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Michael Fallon claimed £8,300 too much in mortgage expenses.

Mr Fallon, the MP for Sevenoaks, who fiercely criticised the excesses of bankers earlier this year, repaid £2,200 of the over-claim. However, he was allowed to offset the remaining £6,100 against his allowance.
The MP retrospectively claimed £3,521 for legal fees and hundreds more for mortgage interest charges and utility bills — all personally authorised by the head of the fees office. Mr Fallon had previously claimed £1,000 a month in second home expenses to rent a property in Pimlico, south west London.

He began making the excessive claims after buying the Westminster flat for £243,000 in June 2002 and designating it as his second home.
Various other household expenses he claimed for after September 2004 included a £250 per month cleaning bill, which Mr Fallon reduced from £300 after being asked for a receipt.
At the time, MPs did not need to provide receipts for claims up to £250. In a letter to the fees office in March 2005, he said: “My cleaner has never provided receipts”.
In May 2005, he claimed £499 for a television, £69.50 for a digital box and £35 for a radio. Mr Fallon sold the flat in December 2006 for £295,000, making a profit of £52,000. He claimed £1,774.50 in legal fees relating to the sale. In the two months before the sale, he claimed £126 for boiler repairs, £170 for repairs to bathroom tiles, £282 for electrical repairs and £225 for carpet cleaning.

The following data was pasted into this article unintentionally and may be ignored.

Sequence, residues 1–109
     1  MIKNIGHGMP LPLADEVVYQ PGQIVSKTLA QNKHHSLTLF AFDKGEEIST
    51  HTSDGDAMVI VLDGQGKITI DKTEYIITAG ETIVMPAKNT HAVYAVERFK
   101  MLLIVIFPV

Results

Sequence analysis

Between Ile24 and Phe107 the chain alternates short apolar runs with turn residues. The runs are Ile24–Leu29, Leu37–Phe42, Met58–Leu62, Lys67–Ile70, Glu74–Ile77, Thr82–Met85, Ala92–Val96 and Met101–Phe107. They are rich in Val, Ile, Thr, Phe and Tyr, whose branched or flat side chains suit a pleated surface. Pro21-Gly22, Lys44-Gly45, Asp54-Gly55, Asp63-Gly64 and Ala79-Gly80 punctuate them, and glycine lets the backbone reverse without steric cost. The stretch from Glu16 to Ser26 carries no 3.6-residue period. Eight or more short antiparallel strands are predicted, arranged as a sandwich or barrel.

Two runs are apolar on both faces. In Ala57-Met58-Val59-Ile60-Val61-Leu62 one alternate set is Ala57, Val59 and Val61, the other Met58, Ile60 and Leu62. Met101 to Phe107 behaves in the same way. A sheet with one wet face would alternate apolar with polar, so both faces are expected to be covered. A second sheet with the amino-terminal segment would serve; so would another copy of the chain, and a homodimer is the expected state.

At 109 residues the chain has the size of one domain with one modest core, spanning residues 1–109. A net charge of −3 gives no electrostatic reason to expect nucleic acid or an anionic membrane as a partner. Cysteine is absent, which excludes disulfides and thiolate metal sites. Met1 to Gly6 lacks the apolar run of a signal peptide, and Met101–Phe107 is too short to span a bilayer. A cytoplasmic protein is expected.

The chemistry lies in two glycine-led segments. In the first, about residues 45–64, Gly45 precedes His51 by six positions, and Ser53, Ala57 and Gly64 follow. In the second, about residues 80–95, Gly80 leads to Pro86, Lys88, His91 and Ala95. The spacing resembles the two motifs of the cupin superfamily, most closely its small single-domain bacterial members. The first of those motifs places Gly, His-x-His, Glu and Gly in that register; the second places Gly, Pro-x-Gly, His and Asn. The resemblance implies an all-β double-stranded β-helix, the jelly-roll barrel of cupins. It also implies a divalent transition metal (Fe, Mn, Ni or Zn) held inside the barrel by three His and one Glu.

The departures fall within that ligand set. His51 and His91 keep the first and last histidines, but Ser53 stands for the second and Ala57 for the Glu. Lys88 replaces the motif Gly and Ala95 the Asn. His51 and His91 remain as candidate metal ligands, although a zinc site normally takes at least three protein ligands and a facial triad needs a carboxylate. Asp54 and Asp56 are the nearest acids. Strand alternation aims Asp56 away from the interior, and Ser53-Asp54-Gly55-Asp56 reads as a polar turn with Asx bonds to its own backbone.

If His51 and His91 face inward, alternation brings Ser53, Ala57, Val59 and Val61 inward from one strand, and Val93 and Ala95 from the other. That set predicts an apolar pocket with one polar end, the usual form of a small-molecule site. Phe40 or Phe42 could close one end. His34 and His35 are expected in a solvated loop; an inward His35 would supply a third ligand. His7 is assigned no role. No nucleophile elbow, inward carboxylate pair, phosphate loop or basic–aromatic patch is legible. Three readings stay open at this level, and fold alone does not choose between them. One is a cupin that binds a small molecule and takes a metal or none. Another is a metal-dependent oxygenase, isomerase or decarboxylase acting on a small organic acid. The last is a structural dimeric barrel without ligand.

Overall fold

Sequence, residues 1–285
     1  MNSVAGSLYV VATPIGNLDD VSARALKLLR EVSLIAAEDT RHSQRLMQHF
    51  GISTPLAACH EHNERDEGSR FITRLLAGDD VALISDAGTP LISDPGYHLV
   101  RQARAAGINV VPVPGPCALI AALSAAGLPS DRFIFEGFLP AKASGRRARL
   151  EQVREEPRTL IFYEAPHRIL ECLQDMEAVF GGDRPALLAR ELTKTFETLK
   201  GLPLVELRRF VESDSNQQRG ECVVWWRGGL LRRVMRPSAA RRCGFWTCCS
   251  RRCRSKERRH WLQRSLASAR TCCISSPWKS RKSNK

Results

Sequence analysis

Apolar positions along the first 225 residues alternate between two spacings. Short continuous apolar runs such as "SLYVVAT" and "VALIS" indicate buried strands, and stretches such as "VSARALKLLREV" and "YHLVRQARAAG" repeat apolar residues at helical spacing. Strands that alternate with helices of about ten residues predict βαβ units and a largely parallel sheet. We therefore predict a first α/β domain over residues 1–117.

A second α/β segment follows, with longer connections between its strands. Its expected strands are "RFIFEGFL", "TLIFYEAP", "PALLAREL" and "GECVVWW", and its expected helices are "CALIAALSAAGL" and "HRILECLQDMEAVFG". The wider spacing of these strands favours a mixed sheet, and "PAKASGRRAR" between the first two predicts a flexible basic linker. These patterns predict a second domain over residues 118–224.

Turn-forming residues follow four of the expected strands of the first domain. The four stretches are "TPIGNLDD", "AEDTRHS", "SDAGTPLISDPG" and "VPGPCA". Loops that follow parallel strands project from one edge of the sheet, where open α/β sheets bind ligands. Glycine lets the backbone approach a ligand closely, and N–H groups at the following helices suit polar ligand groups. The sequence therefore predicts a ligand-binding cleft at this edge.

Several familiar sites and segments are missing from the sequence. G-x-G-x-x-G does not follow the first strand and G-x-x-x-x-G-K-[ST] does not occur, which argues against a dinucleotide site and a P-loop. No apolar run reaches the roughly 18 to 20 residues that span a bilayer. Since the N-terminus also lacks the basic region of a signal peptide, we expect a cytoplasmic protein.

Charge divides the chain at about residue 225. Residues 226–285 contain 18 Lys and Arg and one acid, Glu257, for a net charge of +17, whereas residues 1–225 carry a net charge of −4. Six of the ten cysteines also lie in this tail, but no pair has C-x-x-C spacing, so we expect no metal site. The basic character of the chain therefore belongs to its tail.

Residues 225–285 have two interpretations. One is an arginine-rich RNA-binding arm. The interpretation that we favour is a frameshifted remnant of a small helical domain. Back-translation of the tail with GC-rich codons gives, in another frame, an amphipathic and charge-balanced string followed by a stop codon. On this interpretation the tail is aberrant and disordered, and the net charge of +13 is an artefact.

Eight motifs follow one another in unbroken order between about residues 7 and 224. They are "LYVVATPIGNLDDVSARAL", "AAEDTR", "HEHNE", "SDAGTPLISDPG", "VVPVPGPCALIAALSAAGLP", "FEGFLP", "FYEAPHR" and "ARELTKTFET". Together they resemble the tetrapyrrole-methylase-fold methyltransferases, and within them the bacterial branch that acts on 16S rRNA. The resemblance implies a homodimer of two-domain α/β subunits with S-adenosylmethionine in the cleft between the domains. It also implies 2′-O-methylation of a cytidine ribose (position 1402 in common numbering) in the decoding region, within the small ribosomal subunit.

He then bought another flat in Westminster for £728,000. Soon after moving in, he claimed £1,795 for a bed, £1,500 for curtains and almost £1,000 for a freezer, washer-dryer and deep cleaner. The claim for the bed was reduced to £1,000.

He then began claiming the interest on the mortgage for his new flat, which came to about £2,100 per month — almost three times as much as at his previous property. Mr Fallon also shares a large house in his Kent constituency with his wife, Wendy. The house, which the couple bought in 1997, is about 28 miles away from Westminster. It is not mortgaged.

Mr Fallon is also paid as a director of three companies. His salary from one, a money broker, is reportedly £45,000. He also pays his wife from his taxpayer-funded office expenses to work as his secretary.

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